Jasmine’s history project was progressing well. She’d gathered information and images from the internet and typed up notes from each trip. But would Teacher Tam’s magic stretch as far as the western tip of Lantau Island? Because the next ancient relic was Fan Lau Fort.
Gramps was snoozing in his armchair holding a photo of Nai Nai. Jasmine shook him awake and after a bowl of fish ball noodles, they travelled to Central.
Mr Crew Man laughed. All his teeth were made of gold. ‘Fan Lau? No problem,’ he
Rush, suck, slobbery lick: Jasmine and Gramps were standing in the middle of nowhere surrounded by hills. Remains of the fort rose from the ground like the foundations of a new tower block. Jasmine imagined the time when the fort was completely hidden by thick undergrowth, when it had fallen into disuse because the pirates had been defeated. An adventurer had studied an ancient Qing dynasty book to calculate where the fort must be. He’d hired a sampan and sailed here, hacked through the trees to unearth it.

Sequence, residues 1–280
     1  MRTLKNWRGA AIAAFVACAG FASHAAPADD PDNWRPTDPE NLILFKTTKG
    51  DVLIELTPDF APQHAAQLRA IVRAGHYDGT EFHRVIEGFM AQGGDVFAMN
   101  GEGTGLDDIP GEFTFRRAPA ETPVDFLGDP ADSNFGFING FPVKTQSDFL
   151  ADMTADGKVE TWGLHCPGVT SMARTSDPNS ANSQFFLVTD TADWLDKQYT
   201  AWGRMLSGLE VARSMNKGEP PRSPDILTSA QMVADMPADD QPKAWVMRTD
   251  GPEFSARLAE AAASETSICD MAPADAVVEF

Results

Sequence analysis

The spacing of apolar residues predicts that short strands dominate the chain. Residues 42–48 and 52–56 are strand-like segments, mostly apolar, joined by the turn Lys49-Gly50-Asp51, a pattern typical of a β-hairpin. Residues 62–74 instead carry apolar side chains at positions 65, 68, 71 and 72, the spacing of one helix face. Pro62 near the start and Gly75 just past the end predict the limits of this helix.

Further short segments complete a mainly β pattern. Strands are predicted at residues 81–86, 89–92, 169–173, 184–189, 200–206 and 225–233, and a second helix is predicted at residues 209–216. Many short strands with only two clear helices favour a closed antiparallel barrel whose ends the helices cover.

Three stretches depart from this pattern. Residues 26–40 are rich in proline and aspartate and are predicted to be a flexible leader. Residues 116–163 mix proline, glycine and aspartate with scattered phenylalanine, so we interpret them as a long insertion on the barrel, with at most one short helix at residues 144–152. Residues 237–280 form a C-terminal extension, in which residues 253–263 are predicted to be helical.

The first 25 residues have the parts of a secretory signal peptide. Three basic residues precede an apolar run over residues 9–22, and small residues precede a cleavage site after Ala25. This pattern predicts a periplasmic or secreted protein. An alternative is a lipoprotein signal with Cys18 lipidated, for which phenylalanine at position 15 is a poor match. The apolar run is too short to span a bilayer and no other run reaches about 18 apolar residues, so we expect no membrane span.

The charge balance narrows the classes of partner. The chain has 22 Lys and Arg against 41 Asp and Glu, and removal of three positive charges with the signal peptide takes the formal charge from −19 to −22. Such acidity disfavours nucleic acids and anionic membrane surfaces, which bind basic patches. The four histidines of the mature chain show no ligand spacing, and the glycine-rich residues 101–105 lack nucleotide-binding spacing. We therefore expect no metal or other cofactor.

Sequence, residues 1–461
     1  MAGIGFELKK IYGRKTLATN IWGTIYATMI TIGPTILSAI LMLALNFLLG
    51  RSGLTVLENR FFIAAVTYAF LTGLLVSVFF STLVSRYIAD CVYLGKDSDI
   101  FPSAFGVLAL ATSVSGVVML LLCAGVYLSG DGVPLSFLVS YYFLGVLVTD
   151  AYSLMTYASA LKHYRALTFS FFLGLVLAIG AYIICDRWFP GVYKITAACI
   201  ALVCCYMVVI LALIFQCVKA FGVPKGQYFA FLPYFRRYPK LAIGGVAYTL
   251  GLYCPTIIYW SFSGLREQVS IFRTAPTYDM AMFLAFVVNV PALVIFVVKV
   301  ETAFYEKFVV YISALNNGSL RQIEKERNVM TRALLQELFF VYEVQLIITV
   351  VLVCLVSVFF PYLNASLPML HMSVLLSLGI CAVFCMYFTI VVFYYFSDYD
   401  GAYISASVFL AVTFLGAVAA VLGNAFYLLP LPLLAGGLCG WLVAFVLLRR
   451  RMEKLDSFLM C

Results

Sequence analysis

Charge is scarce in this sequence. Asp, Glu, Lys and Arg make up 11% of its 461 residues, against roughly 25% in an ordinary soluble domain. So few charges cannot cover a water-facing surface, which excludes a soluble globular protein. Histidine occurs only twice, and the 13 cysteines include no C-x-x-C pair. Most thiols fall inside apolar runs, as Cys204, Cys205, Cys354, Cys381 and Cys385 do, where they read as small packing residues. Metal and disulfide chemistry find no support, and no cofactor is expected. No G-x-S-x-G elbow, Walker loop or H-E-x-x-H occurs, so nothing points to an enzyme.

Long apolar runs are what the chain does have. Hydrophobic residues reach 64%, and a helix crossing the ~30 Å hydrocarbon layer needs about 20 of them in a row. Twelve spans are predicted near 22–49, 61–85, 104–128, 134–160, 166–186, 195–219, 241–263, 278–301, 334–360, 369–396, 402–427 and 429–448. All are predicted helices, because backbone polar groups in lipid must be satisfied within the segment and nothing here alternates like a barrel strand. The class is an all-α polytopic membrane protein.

‘What else do you know about it?’ asked Gramps.
‘It’s 46 metres by 21,’ Jasmine said, reading from her app recording the fort’s history. ‘First built in 1729. Thirty soldiers lived here to fight the pirates. They fired from eight cannons. Look, here’s one of them. Boom!’ Jasmine did a star jump.
‘And what’s that?’ said Gramps, walking over to a plaque. At its base was an ancient brick with an envelope tucked underneath it. It was the next clue. Jasmine ran over.
A famous pirate’s cave. ‘That must be Cheung Po Tsai’s cave, on Cheung Chau Island. So easy!’ she cried, crumpling the envelope.
‘Don’t forget to make a note of the next letter,’ said Gramps.
It was the letter P.
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